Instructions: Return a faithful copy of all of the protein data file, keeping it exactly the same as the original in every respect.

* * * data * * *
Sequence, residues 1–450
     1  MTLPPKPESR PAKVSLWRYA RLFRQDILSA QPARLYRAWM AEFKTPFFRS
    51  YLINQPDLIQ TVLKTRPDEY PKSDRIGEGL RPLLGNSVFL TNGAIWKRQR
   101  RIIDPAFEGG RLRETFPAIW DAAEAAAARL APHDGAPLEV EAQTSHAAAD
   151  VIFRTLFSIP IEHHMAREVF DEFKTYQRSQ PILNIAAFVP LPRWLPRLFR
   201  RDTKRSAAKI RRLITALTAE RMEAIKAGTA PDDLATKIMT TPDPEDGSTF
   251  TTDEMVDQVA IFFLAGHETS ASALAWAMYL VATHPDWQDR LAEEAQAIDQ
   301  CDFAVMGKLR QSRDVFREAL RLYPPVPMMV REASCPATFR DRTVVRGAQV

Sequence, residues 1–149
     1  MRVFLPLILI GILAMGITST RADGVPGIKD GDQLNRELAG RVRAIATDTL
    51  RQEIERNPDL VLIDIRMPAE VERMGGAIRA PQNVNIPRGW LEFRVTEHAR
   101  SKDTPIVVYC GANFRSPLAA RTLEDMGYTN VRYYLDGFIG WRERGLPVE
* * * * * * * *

Sequence, residues 1–450
     1  MTLPPKPESR PAKVSLWRYA RLFRQDILSA QPARLYRAWM AEFKTPFFRS
    51  YLINQPDLIQ TVLKTRPDEY PKSDRIGEGL RPLLGNSVFL TNGAIWKRQR
   101  RIIDPAFEGG RLRETFPAIW DAAEAAAARL APHDGAPLEV EAQTSHAAAD
   151  VIFRTLFSIP IEHHMAREVF DEFKTYQRSQ PILNIAAFVP LPRWLPRLFR
   201  RDTKRSAAKI RRLITALTAE RMEAIKAGTA PDDLATKIMT TPDPEDGSTF
   251  TTDEMVDQVA IFFLAGHETS ASALAWAMYL VATHPDWQDR LAEEAQAIDQ
   301  CDFAVMGKLR QSRDVFREAL RLYPPVPMMV REASCPATFR DRTVVRGAQV

Sequence, residues 1–149
     1  MRVFLPLILI GILAMGITST RADGVPGIKD GDQLNRELAG RVRAIATDTL
    51  RQEIERNPDL VLIDIRMPAE VERMGGAIRA PQNVNIPRGW LEFRVTEHAR
   101  SKDTPIVVYC GANFRSPLAA RTLEDMGYTN VRYYLDGFIG WRERGLPVE